"One Too Many Times" by Levi Washington, Lewis Cutts & Caitlin McCarthyReview
I'm sure many readers will have been saddened to hear of the illness of Levi Washington last week and his consequent hospitalisation.
The good news is that he's fortunately out & about again & running his many music nights, though even so, I was surprised that he'd managed to still get back in the "single release every week" saddle so quickly.
In fact, when Levi originally sent me the track to listen to, he inadvertently sent just the backing track to "One Too Many Times" & so well does it work as a pure instrumental that I thought (knowing Levi's predilection for the unexpected) that this time he'd gone down that route: the track sounding a little like some of the things the Style Council used to do.
Even once I'd heard it with words, I believe that were we still in the era of "A" & "B" sides to singles, the instrumental version would make a good "B" side in its own considerable right.
That said, it's clear from what Levi says that the music, however beautifully crafted it might be (and I understand that there have been as many as 110 tracks condensed down to around ten for the music alone), the words are so key to him that he states that "I knew a year ago it was one of the best things I'd ever written".
It takes a composer to say such things about their own work as it is so difficult for a reviewer to do so: especially for one attempting to follow a developing body of work as diverse as Levi's. You'll know from past reviews how strong I consider so many of his tracks and they speak to such different aspects of his personality & interests that objectively comparing them is not easy, nor I suspect possible. Therefore if the man himself thinks that this song hits the centre of the target he's aiming at, then it counts for a lot. As he also helpfully tells us "It was born from a place or genuine heartache rather from a theoretical or fictional place like a lot of my other work." Not that I'd have necessarily been able to pick fact from fiction in his work, so effective are his skills of persuasion.
As you might expect for any Levi song, if it's not one of those which reveals itself to him instantaneously, then almost certainly you can bet that he's spent a long time honing it: and you'd be right as it's been crafted over the past year. Apparently Levi re-recorded his own vocals several times to fit in with the complex vocal harmonies (up to a dozen at once in places) and with so many tracks, the mixing task was "mammoth". But well worth it judging by the results.
The theme of the words is part of a wider exploration of the human heart that Levi has long been undertaking: in this case moving beyond the fact of a relationship which has soured into an acceptance that willing one to succeed is no guarantee that it will, or can.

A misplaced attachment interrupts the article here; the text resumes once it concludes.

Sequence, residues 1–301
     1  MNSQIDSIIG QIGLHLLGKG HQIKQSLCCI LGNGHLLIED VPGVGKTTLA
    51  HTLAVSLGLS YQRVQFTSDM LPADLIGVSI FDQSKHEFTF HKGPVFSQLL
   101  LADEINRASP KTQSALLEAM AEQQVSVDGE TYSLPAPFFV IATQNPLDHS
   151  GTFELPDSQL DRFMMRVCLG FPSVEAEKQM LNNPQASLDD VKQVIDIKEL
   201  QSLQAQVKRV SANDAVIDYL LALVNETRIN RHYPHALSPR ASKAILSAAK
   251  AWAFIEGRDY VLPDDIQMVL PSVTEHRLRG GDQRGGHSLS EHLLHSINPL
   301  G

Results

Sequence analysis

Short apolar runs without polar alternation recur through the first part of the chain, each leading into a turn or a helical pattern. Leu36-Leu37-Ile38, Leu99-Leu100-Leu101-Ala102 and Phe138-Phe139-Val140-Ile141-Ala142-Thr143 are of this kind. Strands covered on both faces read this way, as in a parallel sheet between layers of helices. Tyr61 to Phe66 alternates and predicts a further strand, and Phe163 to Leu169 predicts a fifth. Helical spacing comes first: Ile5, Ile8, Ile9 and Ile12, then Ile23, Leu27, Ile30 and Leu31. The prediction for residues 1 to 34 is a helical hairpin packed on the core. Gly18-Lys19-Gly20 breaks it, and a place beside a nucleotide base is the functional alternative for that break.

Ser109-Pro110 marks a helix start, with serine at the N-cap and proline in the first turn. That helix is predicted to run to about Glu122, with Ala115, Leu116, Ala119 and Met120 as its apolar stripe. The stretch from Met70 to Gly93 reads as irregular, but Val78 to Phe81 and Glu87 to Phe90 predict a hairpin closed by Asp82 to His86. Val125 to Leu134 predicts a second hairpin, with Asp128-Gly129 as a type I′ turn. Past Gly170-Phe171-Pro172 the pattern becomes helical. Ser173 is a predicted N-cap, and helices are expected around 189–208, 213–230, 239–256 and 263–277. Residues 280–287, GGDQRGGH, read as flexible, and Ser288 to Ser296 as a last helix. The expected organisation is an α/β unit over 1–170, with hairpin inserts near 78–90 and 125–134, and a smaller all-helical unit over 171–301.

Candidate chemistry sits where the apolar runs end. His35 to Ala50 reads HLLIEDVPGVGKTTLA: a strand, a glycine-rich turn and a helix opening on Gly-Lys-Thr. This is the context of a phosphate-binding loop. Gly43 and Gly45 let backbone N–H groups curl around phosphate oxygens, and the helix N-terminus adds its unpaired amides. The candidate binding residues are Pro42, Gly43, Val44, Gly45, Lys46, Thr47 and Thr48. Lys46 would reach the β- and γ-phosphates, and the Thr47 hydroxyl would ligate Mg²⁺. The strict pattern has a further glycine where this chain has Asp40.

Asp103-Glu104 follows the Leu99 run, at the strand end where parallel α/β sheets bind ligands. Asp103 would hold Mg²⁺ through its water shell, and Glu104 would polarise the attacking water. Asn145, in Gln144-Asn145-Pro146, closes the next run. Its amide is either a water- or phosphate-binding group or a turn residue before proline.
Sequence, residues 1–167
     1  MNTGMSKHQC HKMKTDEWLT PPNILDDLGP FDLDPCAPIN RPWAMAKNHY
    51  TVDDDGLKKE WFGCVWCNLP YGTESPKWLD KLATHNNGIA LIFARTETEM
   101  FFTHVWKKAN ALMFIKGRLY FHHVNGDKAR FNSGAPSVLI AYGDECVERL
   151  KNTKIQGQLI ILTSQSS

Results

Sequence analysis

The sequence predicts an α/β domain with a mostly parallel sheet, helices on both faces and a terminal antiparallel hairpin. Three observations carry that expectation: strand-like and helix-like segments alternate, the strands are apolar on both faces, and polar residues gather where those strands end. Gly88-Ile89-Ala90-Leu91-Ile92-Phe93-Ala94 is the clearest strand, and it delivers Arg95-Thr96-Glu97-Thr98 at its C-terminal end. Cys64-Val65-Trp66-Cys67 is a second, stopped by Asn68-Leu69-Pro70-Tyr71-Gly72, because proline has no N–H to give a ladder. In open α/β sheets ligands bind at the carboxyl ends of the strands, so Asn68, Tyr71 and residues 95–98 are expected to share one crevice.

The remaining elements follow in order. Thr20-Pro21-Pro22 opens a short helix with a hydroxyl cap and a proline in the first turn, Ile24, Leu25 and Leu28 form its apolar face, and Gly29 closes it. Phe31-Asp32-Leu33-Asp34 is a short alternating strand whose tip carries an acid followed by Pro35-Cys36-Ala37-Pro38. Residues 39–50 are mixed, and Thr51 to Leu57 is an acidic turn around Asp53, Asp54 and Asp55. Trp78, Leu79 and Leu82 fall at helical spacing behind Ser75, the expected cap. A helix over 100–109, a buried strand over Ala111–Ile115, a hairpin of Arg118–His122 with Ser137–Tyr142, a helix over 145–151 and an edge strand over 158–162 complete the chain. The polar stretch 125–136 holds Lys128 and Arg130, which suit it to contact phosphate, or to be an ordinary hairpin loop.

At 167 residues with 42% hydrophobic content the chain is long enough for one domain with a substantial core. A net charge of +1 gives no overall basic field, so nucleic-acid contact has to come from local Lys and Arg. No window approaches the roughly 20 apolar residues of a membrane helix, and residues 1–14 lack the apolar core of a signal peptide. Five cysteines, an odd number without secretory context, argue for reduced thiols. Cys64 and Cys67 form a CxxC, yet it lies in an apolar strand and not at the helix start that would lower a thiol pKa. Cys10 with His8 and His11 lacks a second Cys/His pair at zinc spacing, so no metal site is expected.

Consequently, given the material informing the lyrics, it sets the song up nicely for a soulful approach & this is what he delivers (in 6/8 time) and another platform to let rip with his instrumental & vocal chops, aided by Lewis Cutts (on additional rhythm guitar) and Caitlin McCarthy (who provides layers of the harmonic structure & helped refine the lyrics). Both get a prominent credit on the sleeve
Not so credited, but equally deserving of attention is German-based drummer Taustanauhat with whom Levi has built up an online collaboration since lockdown began and whose understanding of what Levi's music is all about contributes to that quality of the music which I noted before even hearing the words.
It's hard to underestimate the importance of this song as far as its creator in concerned. The "release a week" strategy has allowed us access to far more of his songs than we dare imagine & provides a wonderful shop window into the many facets of his diverse art. However, within such a deluge of music, it's hard to form opinions about where each sits in the estimation of the writer & so I'm glad that he's so precise about this one.
Equally, most of the previous ones have tended to be "one man shows" given his capacity to be able to perform so many instruments & provide his own harmonies, so it's interesting how not only has he collaborated here on "One Too Many Times" but that in addition to waxing lyrical about the contributions of the others, he is so enthusiastic about the process of collaboration & how it drove him still further down the road of perfectionism (along which he has already travelled such a distance).
It's hard also to quantify the effect of his recent illness: such frightening events can often impel us to re-examine ourselves & respark our understanding of our need to interact & appreciate others. That said, the single was started long before he was taken ill, so cannot be a reaction to that, though I suppose it's possible that its scheduled release date might have been moved up in response.
At any rate, it is significant that such an obviously high quality & statement single marks his return to action. Levi is right back into the swing of his live sessions here, there & everywhere & let's all send him congratulations on his recovery, this great single & wish him continued good health.